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dc.contributor.authorHill, L.en
dc.identifier.citationProceedings of the Australasian Political Studies Association Conference, University of Adelaide, 29 September - 1 October 2004 : pp. www 1-39en
dc.description.abstractAlthough some scholars have attempted to cast Adam Smith as a thinker deeply interested in politics and focused upon the importance of the role of legislators in human affairs, this paper suggests that Smith’s project is basically an exercise in anti-politics. Though he did, of course, reserve some limited functions for government in order to solve a number of otherwise intractable problems of collective action, on the whole, Smith regarded politicians and legislators as factious, interfering, self-interested and generally knavish; more likely to disrupt the system of natural liberty (and therefore the prosperity and harmony of the polity) than aid it. Though Smith did express strong political opinions on a number of specific issues (for example, the separation of church and state; the management of Scottish affairs; American independence and the use of standing armies) this paper suggests that readings of Smith as positively political are exaggerated.en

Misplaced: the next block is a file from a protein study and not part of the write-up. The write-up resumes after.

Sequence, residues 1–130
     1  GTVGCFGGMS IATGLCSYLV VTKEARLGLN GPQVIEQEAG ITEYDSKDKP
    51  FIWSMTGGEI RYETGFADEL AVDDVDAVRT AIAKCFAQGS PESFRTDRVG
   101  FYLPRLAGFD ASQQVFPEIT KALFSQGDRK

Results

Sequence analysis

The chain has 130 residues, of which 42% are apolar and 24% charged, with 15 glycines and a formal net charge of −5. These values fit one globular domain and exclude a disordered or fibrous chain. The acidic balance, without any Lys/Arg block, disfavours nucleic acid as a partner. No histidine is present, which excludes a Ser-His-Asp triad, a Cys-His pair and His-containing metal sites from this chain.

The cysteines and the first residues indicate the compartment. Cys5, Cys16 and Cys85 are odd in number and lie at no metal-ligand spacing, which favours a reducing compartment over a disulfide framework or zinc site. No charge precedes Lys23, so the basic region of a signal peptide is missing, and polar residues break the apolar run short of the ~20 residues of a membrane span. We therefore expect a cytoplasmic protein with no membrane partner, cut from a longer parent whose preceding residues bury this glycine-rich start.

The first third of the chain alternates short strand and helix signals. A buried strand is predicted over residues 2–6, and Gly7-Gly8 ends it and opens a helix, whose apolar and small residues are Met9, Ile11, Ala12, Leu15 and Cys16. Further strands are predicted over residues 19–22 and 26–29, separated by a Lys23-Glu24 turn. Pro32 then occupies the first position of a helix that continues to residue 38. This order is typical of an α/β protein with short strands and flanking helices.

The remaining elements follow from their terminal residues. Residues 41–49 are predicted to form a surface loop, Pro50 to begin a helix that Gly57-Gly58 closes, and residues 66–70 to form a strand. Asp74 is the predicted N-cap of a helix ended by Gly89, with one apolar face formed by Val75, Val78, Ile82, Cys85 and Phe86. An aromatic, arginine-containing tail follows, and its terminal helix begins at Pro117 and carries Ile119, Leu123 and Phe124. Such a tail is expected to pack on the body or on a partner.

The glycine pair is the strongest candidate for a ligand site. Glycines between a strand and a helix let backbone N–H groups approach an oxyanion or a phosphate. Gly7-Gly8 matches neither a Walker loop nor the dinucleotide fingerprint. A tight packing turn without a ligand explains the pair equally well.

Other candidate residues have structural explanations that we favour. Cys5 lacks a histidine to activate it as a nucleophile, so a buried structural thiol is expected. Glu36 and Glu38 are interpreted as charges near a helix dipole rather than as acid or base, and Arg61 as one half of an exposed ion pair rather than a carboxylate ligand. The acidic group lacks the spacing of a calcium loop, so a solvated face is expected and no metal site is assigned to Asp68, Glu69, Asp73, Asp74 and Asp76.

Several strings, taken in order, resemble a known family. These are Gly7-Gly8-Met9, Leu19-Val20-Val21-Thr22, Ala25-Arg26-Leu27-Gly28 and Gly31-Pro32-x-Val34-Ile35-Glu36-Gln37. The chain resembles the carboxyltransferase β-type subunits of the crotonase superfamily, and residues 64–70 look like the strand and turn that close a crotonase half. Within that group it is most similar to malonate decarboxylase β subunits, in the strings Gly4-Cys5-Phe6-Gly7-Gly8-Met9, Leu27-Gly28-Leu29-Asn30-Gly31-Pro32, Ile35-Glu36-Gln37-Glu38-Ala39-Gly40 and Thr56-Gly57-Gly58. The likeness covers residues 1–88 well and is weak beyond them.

dc.relation.ispartofProceedings of the Australasian Political Studies Association Conference 2004en
dc.titleAdam Smith, Adam Ferguson and the division of labouren
dc.typeConference paperen
dc.contributor.conferenceAustralasian Political Studies Association Conference (2004 : Adelaide, South Australia)en
pubs.library.collectionPolitics publicationsen
dc.identifier.orcidHill, L. [0000-0002-9098-7800]en
Appears in Collections:Politics publications

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